If I could be the General Manager for any team it would be the Montreal Canadiens of the NHL. This is because they have always been my favorite team of any sport, and I believe that since my heart would be 100 percent into my work, we could finally bring Canada another Stanley Cup.
A gigantic microscope is placed above just about every GM come draft time. This puts pressure on the General Manager to find the best players and to make the right trades in order to better his team. I have always been a true believer in developing a team. I think it is a wise investment to draft a lot of players, develop them accordingly, and then reassess them when needed.
If they are not right for the team, then find a place for them. Every successful NHL club has a team of strong role players. The parts all add up to the sum.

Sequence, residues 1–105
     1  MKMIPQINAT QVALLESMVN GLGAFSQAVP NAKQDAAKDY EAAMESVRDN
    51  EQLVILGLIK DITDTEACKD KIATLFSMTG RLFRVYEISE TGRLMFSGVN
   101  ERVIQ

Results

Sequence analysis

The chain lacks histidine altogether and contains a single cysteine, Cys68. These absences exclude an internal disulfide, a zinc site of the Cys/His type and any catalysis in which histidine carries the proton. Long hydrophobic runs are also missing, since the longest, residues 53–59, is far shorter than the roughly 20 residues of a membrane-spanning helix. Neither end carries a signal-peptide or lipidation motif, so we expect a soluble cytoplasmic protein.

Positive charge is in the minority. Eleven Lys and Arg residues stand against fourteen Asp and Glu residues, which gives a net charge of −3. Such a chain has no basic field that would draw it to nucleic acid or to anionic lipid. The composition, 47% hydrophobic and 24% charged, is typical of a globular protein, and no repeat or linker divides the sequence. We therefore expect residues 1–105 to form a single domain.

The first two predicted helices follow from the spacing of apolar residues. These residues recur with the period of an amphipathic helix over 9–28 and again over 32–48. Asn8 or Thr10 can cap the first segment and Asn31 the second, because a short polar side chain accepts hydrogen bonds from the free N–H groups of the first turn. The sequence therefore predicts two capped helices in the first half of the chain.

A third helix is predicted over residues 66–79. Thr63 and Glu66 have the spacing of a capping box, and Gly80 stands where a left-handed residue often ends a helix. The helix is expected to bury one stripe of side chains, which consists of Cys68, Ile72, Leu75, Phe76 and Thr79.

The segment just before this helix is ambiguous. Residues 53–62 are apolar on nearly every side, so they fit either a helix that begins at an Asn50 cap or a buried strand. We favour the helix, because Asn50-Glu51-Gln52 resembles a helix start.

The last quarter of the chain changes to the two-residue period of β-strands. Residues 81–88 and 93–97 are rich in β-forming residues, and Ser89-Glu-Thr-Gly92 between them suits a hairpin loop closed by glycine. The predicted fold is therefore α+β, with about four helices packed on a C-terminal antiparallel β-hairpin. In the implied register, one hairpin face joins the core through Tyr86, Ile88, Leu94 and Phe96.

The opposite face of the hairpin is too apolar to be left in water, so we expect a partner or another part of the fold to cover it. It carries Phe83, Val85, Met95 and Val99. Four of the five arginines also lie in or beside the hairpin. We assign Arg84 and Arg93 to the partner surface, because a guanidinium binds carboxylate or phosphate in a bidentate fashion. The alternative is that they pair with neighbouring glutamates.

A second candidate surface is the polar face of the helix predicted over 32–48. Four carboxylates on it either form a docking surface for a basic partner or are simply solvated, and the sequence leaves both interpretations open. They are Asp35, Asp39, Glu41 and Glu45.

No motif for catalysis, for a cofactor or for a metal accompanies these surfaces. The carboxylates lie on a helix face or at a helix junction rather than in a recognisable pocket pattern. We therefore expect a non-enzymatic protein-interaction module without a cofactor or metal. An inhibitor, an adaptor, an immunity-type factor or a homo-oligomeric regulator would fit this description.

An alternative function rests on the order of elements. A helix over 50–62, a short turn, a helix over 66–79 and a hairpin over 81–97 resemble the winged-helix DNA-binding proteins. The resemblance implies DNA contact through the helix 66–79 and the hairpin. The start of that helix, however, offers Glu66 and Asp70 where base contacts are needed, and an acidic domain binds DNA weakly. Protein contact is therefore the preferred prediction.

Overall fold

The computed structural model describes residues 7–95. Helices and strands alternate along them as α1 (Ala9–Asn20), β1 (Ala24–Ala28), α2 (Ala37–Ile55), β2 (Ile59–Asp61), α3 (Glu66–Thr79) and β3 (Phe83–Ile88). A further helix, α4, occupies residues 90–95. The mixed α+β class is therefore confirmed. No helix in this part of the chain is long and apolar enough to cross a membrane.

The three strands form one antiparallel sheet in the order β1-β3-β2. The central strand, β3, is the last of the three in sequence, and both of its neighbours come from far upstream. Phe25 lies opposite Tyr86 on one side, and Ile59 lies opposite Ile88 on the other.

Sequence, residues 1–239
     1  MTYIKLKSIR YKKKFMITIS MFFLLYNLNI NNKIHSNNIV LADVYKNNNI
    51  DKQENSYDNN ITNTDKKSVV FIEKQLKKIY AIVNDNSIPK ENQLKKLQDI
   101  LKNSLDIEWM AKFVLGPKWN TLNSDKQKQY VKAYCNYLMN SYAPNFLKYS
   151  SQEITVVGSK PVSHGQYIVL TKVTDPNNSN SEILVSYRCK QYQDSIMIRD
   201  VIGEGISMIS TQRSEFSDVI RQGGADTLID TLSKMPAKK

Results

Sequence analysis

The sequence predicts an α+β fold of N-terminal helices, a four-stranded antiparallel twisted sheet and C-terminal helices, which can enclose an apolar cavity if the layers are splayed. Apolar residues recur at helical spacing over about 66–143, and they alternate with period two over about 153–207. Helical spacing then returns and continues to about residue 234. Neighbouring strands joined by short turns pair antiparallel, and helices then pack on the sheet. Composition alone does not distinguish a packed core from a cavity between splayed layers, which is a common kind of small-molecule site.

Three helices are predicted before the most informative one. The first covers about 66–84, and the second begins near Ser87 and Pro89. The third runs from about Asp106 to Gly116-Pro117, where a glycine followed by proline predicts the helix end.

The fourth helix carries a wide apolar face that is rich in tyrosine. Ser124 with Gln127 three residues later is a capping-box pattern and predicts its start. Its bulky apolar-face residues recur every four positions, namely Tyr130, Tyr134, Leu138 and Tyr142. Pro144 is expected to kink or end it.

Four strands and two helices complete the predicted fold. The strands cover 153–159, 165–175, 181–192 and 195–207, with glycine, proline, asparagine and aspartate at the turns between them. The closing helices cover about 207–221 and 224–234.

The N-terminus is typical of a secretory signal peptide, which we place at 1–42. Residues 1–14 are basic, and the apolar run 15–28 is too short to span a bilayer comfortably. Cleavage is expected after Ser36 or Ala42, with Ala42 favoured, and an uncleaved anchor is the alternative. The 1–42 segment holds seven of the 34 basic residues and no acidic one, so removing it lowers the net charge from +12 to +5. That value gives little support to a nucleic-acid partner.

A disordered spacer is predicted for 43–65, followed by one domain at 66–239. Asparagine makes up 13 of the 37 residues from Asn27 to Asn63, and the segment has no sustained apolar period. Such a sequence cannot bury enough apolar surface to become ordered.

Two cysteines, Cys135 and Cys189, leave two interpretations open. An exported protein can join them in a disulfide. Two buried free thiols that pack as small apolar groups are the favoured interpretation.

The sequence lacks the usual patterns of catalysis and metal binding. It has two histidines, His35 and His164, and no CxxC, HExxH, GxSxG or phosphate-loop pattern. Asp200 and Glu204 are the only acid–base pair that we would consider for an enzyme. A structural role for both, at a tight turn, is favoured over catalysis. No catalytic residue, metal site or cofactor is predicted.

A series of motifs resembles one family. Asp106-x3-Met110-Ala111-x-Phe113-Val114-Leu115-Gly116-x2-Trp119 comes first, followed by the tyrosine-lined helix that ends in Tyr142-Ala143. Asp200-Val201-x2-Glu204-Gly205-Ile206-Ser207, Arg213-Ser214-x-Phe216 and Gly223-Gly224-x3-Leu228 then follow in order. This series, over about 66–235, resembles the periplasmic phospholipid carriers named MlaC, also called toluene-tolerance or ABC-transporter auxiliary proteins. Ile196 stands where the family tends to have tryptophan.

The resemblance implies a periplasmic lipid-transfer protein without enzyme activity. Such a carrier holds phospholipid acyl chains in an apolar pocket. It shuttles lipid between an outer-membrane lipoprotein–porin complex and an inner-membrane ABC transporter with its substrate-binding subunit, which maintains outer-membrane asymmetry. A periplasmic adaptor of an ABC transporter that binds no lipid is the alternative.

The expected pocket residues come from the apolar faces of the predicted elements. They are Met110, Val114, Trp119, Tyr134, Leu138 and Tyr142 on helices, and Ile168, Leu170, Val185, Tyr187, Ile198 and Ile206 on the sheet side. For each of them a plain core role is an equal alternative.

I don't believe in taking an overrated player. Often, these players (though talented) have egos and cause a lot of trouble on the inside. Taking a hard working, modest player has a bigger payoff in the end.
Draft time is popular time for GMs to make big trades—shuffling players around, and treating them like commodities. Yes, the sport is a business as well, but the more unnecessary trades you have to make, the worse. Keep it simple.
In today's NHL we all know how important the budget is to the team. The salary cap has a lot of GMs running around trying to find the perfect mix of high salary players and those still running on a rookie contract.
The trick would be to find a balance with as many mid paid players as possible. Of course, the better they get, the more they're worth, but if your team had drafted them in the first place and they are treated correctly, they may not develop the big ego.
Building a trusting, honest relationship with your players just may save you some big bucks in the end.